In its first two seasons, Hannibal was easily one of the best shows on television. It was a work of true art and solidified itself into the best portrayal of the Hannibal Lecter series yet (yes, better even than the Oscar winning The Silence of the Lambs film). In comparison, season three has to be considered a disappointment. While it gets the big moments right and ends with a fitting finale, the third season of Hannibal struggles with consistency in a way that the first two seasons never did.
The third season of Hannibal picks up with Hannibal (Mad Mikkelsen delivering a performance so strong and unique that it is able to live outside of the shadow of Anthony Hopkins’ iconic portrayal of the character) hiding out in Italy. However, the days are numbered for his new lifestyle as he once again has the urge to kill while Will Graham (Hugh Dancy), Jack Crawford (Laurence Fishburne), Dr. Bloom (Caroline Dhavernas) and Mason Verger (Joe Anderson as a solid replacement for Michael Pitt) look for every little clue of his whereabouts. The pickup from season two’s shocking conclusion comes to a rather disappointing end here, as the status quo doesn’t really change at all for the characters involved. For such a monumental moment in the show’s history not much comes of it, and that results in a first half of the season that takes a long while to get going. A midseason transition to the Red Dragon plotline also suffers from similar problems. Although as an extension of the show’s already beautifully unique visual style, this storyline fairs much better.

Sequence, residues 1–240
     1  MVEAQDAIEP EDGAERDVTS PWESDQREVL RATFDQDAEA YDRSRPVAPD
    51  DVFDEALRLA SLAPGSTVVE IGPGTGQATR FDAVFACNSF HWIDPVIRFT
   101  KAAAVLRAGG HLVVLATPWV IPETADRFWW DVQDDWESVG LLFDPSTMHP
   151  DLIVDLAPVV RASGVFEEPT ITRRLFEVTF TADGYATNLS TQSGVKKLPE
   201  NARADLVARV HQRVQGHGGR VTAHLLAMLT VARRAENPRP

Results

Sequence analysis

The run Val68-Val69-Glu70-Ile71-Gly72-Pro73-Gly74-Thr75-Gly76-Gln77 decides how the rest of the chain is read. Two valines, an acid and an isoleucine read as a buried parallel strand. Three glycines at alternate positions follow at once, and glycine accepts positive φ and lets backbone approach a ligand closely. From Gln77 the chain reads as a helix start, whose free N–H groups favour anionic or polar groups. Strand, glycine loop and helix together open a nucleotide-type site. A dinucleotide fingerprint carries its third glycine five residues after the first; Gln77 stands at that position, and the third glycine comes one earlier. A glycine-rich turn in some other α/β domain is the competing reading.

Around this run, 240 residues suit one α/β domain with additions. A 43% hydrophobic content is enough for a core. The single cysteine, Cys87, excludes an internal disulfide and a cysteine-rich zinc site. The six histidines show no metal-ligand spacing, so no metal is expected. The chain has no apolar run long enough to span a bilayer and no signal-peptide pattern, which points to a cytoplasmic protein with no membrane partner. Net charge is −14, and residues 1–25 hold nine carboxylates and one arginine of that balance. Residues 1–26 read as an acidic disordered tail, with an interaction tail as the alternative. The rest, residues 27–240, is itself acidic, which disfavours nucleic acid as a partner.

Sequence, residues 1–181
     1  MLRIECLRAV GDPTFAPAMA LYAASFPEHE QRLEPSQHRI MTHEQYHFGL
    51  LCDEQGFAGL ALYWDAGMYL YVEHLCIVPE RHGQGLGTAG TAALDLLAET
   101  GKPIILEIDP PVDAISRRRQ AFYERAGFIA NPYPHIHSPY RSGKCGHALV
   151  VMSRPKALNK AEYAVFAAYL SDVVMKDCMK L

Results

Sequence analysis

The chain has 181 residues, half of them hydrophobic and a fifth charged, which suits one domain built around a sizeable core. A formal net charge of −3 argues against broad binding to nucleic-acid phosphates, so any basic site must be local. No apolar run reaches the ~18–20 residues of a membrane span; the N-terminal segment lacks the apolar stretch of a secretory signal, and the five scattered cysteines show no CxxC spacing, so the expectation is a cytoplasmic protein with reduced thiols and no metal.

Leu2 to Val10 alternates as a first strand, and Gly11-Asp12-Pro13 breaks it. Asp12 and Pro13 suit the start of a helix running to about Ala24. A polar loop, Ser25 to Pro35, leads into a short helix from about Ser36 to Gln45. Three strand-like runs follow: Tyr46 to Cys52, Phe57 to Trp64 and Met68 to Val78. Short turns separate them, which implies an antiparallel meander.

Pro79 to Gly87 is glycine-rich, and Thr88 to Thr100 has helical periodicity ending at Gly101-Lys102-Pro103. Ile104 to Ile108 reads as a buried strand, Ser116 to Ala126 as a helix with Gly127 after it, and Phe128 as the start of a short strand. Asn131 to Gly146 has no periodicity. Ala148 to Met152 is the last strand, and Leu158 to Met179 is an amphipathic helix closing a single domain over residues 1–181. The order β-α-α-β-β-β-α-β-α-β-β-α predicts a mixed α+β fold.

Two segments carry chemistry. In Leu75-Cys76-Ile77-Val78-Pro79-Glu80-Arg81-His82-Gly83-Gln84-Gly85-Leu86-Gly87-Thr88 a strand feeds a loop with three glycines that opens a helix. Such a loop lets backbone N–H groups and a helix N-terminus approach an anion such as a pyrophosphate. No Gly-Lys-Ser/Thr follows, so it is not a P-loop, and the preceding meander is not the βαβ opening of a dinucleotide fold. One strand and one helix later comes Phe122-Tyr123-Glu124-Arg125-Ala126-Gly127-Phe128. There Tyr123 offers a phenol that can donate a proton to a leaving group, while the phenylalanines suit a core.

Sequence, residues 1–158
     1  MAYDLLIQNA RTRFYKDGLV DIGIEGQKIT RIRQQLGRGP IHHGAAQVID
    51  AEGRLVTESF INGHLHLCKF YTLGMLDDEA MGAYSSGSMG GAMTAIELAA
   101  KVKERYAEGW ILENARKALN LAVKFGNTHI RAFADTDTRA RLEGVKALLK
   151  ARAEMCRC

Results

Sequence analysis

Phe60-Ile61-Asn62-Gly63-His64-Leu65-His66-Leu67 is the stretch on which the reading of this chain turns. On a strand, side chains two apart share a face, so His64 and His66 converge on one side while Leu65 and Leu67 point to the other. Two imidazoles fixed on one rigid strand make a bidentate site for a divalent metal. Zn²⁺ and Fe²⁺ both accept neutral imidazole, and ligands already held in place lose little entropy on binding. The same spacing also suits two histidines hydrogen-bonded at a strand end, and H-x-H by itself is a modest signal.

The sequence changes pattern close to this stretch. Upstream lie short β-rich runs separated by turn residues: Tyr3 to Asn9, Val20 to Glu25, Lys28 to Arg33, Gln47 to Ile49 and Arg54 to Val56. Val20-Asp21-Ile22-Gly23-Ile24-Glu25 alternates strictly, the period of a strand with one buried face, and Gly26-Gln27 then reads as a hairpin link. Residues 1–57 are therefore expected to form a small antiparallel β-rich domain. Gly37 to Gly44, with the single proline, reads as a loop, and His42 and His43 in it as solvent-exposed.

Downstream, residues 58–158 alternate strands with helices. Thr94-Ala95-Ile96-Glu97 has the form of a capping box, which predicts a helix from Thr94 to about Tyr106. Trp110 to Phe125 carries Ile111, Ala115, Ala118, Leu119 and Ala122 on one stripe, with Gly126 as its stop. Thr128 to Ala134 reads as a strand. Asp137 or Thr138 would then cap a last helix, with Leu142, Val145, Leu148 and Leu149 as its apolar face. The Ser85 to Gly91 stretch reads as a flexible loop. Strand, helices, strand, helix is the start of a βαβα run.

Despite these problems, there are still the moments of greatness that this show has given us so much of to be found (even if there is a lot less of them), and none of them is greater than the final sequence of the show. Having been cancelled midway through the season it was unknown if showrunner Bryan Fuller found a way to wrap up the series in a satisfying conclusion. While the show does end on a (literal) cliffhanger, thematically there couldn’t have been a more definitive ending, and that feels just like the way to go for a show as artistic as this. As we watch Will push and go down with Hannibal over the sea-eroded cliff it is hard not to see it as a symbol of Will finally submitting to his more animalistic side that Hannibal has been trying to turn him to from the show’s very beginning.
The third season of Hannibal is a fitting end to the series even if it is a disappointment on its own.